Once you have made your list, it will be time to analyze your current budget and spending habits. If you are still withdrawing money from your credit card regularly, it is time to stop, especially if your purchases are outside the scope of your basic needs. Consider your monthly income and understand that this is all the money you have to pay your expenses and to pay off your debts.

Next, list all your necessities such as utilities, telephone bills, gas, and food. Also, list your minimum balance of payments in this monthly calculation. It is important to remember to maintain these minimum payments. Otherwise, you risk falling into further debt.

Whatever money you have leftover, after necessary expenses have been paid, can be used to pay off your debt. The more motivated you are, the more you can get rid of your debt. You can spend less on food, reduce your driving expenses to save on gasoline, and get a cheaper mobile phone plan.

If you are still short of money, perhaps it is time to take more drastic measures. You can get an extra job, exchange your car for a cheaper model, or sell some of your items. 

Once you have found out how much money you can spend on paying off your debt, it is time to decide what you should do.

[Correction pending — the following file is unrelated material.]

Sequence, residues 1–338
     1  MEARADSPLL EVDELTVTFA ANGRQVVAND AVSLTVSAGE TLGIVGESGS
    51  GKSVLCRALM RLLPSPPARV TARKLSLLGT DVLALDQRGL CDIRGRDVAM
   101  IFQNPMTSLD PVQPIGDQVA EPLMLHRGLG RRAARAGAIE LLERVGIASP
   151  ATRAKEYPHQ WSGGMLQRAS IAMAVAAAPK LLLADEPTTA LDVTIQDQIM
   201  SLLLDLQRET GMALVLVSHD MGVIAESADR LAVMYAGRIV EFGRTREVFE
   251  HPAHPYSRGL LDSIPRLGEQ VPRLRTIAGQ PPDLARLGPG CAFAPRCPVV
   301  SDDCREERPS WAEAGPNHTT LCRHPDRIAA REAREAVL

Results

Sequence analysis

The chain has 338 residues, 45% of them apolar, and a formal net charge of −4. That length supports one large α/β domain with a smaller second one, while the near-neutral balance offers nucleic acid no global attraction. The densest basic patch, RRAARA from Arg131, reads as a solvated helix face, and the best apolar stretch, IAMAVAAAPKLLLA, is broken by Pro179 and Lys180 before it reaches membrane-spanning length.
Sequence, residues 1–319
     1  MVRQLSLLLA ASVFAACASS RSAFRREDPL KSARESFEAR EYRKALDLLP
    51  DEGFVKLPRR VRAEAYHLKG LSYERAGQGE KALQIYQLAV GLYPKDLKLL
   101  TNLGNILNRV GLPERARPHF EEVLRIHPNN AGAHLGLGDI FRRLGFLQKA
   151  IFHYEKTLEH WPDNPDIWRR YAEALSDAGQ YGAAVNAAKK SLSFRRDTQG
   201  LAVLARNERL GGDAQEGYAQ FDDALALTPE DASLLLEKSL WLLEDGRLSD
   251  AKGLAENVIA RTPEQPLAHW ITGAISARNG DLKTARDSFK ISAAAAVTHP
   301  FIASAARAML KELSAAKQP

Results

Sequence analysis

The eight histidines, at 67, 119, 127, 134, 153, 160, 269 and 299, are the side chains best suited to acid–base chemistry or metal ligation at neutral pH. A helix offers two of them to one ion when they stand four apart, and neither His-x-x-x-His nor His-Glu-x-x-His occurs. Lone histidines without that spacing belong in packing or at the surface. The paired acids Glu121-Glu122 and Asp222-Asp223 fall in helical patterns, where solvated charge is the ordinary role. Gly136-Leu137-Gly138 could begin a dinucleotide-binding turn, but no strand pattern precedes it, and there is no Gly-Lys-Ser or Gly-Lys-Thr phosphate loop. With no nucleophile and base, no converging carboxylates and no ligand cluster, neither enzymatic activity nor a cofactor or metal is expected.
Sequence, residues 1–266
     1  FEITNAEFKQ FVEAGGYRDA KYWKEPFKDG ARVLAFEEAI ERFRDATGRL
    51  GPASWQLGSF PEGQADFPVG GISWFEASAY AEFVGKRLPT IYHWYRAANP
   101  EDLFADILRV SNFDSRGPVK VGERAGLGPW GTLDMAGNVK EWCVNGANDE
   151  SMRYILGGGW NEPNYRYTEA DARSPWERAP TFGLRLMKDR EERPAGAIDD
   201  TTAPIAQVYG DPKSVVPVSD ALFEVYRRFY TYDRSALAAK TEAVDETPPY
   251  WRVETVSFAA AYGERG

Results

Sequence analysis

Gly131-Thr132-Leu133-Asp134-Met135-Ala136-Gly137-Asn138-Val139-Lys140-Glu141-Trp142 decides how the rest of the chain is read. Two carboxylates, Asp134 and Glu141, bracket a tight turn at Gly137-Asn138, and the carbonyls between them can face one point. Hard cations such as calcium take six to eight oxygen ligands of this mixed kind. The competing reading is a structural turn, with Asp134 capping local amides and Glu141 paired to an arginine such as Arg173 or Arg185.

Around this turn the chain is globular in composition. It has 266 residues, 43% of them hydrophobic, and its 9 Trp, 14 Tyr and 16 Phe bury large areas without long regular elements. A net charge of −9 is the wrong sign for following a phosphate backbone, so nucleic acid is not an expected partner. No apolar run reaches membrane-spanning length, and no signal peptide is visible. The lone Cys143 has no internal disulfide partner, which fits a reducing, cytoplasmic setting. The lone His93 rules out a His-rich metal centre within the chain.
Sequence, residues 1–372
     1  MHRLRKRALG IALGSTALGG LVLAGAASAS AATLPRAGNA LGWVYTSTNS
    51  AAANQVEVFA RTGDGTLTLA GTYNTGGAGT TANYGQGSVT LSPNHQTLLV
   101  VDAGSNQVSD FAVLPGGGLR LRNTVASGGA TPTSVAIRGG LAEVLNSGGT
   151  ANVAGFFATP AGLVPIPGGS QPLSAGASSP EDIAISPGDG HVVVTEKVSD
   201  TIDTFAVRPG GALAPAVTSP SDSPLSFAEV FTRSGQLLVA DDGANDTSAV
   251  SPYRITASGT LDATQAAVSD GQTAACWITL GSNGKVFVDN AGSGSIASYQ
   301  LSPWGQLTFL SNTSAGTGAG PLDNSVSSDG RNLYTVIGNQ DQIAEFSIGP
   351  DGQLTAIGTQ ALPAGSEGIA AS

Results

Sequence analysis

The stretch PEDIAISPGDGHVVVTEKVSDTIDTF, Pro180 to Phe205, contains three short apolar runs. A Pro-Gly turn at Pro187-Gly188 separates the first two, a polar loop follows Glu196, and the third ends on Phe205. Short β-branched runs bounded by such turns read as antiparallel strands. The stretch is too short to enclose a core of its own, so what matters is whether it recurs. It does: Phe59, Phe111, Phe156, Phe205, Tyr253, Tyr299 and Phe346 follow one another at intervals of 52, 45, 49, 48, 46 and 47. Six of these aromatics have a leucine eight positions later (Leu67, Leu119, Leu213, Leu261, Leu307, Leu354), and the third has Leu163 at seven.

3. Pay off the smallest debt first

By getting rid of debt purposefully, you can increase your credit score faster as you take turns liquidating your debt obligations. One option is to choose the smallest debt from your list and invest all the extra money in its aggressive repayment. Just remember always to pay the minimum balance on your other debts first.

As soon as you repay one credit card or a small loan in full, you will feel motivated to keep moving to the next balance. That also reduces the number of monthly repayments that you need to keep track of.

It won’t save you extra money on interest payments, but it’s convenient, especially if you have trouble remembering how to pay your bills every month. Besides, you will create a snowball effect that will allow you to invest more money paying off more substantial debts as you pay off the smaller ones.